About this artwork

Courbet first started to paint snow scenes in the winter of 1856-57, but it was only in the 1860s that he developed a strong interest in this theme. He was no doubt inspired by the countryside of his native Franche-Comté, which suffered particularly heavy falls of snow in the winter of 1866-67. The foreground motif of two beech trees recurs in a number of paintings by Courbet from 1858-66. It is highly probable that this picture shows an imagined, rather than a real landscape, in which favourite landscape elements such as the beech trees were reused. Courbet’s snow scenes were a source of inspiration to the Impressionists, notably Sisley, Monet and Pissarro.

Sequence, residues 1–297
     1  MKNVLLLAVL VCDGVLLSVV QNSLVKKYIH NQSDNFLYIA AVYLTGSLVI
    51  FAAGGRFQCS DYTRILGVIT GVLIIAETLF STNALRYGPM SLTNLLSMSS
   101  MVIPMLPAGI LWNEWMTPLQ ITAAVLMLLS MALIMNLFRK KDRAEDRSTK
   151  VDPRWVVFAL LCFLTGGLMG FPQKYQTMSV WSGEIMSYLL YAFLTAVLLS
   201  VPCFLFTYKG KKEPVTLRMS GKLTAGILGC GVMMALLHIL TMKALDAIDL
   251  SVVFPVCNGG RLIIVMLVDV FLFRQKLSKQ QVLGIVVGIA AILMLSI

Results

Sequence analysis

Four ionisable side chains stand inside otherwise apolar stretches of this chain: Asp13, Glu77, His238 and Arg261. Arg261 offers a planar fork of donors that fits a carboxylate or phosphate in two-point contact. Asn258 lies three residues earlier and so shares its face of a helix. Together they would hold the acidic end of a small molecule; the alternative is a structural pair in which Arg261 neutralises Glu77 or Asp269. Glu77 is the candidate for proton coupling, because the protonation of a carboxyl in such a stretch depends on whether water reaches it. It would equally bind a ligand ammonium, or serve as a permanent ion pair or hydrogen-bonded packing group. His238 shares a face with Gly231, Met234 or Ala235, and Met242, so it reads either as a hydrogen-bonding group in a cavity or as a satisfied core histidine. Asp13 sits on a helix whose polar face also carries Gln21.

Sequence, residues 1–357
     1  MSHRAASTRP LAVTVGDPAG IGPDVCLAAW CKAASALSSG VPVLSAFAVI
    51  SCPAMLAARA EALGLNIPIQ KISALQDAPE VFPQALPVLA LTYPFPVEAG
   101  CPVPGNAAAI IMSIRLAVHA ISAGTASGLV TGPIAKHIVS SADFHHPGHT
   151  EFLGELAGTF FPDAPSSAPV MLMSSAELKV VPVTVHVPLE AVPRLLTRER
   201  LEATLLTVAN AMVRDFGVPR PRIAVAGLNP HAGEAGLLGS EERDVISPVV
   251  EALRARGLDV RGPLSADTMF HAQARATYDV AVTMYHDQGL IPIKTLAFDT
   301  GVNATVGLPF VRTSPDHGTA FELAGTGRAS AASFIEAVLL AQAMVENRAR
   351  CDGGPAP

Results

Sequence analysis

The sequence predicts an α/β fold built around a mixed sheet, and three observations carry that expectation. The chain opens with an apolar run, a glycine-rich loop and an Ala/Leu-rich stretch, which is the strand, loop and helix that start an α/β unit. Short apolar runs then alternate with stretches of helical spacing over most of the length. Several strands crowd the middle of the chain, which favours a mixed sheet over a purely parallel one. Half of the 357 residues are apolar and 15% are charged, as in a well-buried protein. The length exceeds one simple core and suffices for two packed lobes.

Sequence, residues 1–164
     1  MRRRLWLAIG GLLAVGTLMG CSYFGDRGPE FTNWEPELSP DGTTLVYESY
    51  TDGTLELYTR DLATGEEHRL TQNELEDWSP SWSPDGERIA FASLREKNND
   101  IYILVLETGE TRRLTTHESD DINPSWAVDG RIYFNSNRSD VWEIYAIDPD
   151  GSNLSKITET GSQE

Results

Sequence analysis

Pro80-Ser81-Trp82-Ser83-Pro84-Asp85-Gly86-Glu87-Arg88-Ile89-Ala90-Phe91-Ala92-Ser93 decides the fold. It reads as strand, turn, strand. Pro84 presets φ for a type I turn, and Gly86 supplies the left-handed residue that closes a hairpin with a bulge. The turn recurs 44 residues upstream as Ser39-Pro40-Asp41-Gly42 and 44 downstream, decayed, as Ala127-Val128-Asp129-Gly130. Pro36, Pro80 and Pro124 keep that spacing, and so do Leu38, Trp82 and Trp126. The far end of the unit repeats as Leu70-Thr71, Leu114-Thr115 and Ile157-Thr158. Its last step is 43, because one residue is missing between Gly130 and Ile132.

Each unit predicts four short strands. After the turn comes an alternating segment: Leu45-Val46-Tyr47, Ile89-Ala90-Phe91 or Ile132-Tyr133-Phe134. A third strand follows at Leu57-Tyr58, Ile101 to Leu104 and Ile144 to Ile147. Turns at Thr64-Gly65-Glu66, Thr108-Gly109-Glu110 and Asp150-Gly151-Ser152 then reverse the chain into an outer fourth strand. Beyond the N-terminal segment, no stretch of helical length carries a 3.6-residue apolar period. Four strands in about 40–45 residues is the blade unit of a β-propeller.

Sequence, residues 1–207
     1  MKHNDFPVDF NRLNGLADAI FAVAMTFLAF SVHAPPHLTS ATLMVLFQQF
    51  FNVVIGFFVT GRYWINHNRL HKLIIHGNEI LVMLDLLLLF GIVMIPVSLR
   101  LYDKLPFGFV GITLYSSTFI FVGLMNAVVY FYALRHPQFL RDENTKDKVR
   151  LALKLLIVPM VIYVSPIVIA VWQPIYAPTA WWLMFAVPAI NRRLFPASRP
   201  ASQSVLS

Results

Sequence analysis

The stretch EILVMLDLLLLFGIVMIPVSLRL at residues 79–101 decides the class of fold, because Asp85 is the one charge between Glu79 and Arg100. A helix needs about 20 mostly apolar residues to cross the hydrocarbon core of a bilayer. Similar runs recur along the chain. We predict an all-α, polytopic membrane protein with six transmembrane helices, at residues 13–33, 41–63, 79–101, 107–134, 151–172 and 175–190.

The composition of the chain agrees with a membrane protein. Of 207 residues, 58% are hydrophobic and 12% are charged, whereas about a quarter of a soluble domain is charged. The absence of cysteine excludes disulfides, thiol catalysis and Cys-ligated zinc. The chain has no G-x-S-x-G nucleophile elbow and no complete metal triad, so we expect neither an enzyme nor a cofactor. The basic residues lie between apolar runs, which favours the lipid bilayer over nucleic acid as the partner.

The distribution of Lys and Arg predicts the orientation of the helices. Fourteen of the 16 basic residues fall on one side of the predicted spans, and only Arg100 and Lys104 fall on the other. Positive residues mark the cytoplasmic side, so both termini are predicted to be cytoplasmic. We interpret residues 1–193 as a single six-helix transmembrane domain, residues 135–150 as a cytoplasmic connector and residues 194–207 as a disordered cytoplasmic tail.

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Gustave Courbet

Gustave Courbet

Courbet was the great rebel of nineteenth-century French art. He rejected the established conventions of academic painting, with its emphasis on idealised historical and mythological subjects, in favour of real subjects from ordinary life. Courbet staged his own exhibition in his 'Pavilion of Realism' during the Universal Exhibition in Paris in 1855 which established an important precedent for future independent shows. Many of his paintings were based on people and places in the Jura, the mountainous region of eastern France where Courbet was born. His later self-imposed exile in Switzerland followed his active role in the Paris Commune.